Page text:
Vascular Biogenics Will Show Itself Out

Forget about what you thought you heard about an IPO. There was no IPO.

It was the IPO that wasn’t: A biotech firm hit the market and traded for six days, only to announce Friday that it wasn’t issuing shares after all, thanks to a key investor’s failure to follow through on a commitment to buy stock. That meant all the investors who thought they had bought or sold shares in Vascular Biogenics Ltd. since it began trading hadn’t. The highly unusual cancellation of a deal days after the shares began trading is a black eye for lead underwriters Deutsche Bank AG and Wells Fargo & Co. and an unwanted headache for any buyer or seller of the stock. It also is a major setback for the money-losing biotechnology company, which had planned to use the proceeds of the $65 million offering to fund drug development. Vascular Biogenics, an Israeli drug-development company, said Friday that its underwriters at Deutsche Bank and Wells Fargo had voided the IPO. In a 104-word statement, the company said an unidentified, U.S.-based Vascular Biogenics shareholder didn’t pay for shares it had agreed to purchase.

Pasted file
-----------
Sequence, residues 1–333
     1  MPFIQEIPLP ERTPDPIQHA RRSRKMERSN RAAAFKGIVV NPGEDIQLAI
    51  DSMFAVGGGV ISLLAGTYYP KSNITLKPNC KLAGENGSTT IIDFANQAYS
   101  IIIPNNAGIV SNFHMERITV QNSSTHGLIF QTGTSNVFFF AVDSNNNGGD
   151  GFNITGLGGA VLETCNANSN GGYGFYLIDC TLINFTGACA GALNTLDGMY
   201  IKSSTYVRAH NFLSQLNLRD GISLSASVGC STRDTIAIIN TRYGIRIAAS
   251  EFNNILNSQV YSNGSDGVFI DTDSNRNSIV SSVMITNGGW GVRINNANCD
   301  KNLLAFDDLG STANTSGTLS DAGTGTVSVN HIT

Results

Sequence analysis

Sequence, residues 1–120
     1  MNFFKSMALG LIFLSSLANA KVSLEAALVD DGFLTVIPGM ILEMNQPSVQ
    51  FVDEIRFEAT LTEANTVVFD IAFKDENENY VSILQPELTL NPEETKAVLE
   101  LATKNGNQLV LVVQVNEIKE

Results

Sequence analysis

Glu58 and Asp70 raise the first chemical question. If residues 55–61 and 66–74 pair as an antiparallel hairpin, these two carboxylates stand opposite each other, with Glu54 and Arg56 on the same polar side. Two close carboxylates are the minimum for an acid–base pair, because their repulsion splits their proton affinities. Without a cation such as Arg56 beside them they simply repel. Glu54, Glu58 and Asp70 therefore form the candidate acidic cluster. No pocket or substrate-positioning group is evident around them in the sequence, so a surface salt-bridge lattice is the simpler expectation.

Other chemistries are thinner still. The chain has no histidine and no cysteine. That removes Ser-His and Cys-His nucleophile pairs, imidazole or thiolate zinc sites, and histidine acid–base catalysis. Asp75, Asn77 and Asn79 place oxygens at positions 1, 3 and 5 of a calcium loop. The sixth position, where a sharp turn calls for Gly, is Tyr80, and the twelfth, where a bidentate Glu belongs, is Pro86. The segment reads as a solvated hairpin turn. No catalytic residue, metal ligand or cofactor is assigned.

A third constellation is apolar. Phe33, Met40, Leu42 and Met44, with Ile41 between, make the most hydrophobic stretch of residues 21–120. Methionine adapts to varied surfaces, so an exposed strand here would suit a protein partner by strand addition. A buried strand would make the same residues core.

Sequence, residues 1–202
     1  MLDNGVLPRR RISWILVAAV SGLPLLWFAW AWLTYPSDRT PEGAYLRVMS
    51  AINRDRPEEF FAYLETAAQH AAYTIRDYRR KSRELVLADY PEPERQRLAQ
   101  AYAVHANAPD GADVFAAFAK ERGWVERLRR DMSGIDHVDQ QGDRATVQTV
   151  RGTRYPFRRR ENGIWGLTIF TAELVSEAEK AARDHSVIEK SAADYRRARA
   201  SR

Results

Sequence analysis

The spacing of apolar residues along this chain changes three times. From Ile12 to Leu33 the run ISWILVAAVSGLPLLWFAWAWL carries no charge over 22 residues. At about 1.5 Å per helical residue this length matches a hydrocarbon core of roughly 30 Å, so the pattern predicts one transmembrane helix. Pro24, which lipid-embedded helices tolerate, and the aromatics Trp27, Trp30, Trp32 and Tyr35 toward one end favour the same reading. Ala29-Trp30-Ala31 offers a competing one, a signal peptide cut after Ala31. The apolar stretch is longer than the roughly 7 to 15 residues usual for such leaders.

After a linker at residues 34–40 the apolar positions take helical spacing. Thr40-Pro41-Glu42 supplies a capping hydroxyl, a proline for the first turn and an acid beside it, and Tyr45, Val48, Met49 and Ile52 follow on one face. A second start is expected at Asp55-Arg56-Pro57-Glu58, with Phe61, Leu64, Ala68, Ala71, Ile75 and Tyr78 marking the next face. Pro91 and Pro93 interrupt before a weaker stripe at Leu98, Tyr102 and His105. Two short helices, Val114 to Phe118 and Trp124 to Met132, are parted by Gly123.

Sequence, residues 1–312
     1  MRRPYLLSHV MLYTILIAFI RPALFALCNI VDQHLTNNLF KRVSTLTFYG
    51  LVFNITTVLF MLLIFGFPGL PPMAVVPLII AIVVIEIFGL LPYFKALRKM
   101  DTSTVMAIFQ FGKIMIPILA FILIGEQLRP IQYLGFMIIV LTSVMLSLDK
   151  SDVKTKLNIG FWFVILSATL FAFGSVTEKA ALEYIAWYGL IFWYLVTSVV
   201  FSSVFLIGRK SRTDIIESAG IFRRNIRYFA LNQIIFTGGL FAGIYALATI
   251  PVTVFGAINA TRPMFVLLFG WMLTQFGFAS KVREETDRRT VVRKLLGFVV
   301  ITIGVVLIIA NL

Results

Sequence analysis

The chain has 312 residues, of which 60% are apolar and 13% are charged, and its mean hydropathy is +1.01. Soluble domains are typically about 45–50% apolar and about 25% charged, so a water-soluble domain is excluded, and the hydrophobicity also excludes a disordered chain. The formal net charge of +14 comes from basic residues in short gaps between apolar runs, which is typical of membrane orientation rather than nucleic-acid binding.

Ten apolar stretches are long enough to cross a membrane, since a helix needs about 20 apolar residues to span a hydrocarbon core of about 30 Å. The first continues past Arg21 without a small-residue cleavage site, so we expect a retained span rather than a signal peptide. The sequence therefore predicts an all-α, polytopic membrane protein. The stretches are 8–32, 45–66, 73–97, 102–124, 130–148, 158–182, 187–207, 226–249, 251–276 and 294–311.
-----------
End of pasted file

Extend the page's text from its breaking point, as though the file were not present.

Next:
Vascular Biogenics Says It Didn’t Go Public After All [WSJ]

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One Response to “Vascular Biogenics Will Show Itself Out”

  1. Guest says:

    I'm sure it doesn't happen on a regular basis, but don't investors reneg on IPO commitments once in a while? And if so how hasn't this happened before?